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American journal of industrial medicine

The work environment impact assessment: a methodologic framework for evaluating health-based interventions.


PMID 11170164

Abstract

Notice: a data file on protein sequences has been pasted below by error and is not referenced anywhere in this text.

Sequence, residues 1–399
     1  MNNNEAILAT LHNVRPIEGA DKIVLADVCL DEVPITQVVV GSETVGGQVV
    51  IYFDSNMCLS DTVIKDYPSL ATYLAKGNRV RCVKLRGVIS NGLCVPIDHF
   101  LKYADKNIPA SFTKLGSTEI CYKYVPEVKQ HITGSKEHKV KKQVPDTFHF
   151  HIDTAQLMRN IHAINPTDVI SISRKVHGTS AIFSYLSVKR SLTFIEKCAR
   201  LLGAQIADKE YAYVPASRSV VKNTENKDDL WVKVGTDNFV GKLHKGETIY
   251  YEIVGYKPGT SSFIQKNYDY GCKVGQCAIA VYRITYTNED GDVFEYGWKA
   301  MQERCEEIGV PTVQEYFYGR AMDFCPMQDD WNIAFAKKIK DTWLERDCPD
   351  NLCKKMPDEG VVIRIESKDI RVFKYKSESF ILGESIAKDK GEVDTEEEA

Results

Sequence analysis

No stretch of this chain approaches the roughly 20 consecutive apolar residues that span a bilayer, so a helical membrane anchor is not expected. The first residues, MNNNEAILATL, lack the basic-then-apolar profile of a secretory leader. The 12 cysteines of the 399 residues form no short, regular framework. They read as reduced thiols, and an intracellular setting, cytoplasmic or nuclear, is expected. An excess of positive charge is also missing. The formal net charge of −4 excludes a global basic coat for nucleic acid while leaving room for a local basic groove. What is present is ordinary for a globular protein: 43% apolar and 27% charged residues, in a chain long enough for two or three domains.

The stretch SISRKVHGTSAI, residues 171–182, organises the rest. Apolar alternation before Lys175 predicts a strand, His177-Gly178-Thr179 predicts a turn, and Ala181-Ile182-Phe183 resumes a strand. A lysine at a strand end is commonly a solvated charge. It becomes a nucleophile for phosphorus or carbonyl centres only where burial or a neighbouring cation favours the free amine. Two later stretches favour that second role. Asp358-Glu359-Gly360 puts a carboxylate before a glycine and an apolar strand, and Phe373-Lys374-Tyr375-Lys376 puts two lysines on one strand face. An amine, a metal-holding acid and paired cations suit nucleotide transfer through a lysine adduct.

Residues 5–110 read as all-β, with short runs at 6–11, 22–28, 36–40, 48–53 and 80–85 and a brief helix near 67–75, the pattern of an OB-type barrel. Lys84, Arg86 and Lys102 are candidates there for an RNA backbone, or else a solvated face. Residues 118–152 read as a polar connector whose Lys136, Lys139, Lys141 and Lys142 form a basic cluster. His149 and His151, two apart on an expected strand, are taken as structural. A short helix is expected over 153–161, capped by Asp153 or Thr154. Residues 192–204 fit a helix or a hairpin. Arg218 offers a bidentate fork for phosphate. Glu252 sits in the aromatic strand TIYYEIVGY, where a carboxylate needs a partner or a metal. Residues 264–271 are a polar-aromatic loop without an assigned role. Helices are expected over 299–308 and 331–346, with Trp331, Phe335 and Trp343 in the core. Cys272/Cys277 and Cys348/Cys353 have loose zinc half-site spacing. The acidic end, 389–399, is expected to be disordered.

A new conceptual framework is needed to evaluate health-based interventions based on the premise that like the environment, workplaces are complex ecologies. The proposed Work Environment Impact Assessment (WEIA) is analogous to Environmental Impact Assessment (EIA), a concept and method developed 30 years ago in the environmental policy arena to evaluate potential consequences of human activity for the natural environment. WEIA entails identifying and evaluating both intended and unintended consequences, or outcomes, associated with a particular intervention. Because the workplace is a complex ecology, changes in one aspect may lead to changes in other aspects. WEIA calls for a systematic and comprehensive approach to the total work environment. To illustrate the utility of WEIA we use this approach to evaluate an intervention to reduce the public's exposure to the pesticide Alar, which had been used on apples until it was withdrawn from the market in 1989. While this intervention did indeed reduce the public's exposure to Alar, it also led to other unintended consequences, namely new ergonomic hazards for apple pickers, increased stress levels in the orchards for both pickers and growers, as well as new worker, and perhaps public, exposure to potent neurotoxins. The goal of using WEIA is not to engage in a risk-risk debate that stalls worthwhile interventions. Rather, we propose that by conducting a Work Environment Impact Assessment, all possible positive and negative "ripple" effects stemming from an intervention can be considered, so that the intervention can be designed to achieve maximum benefit.

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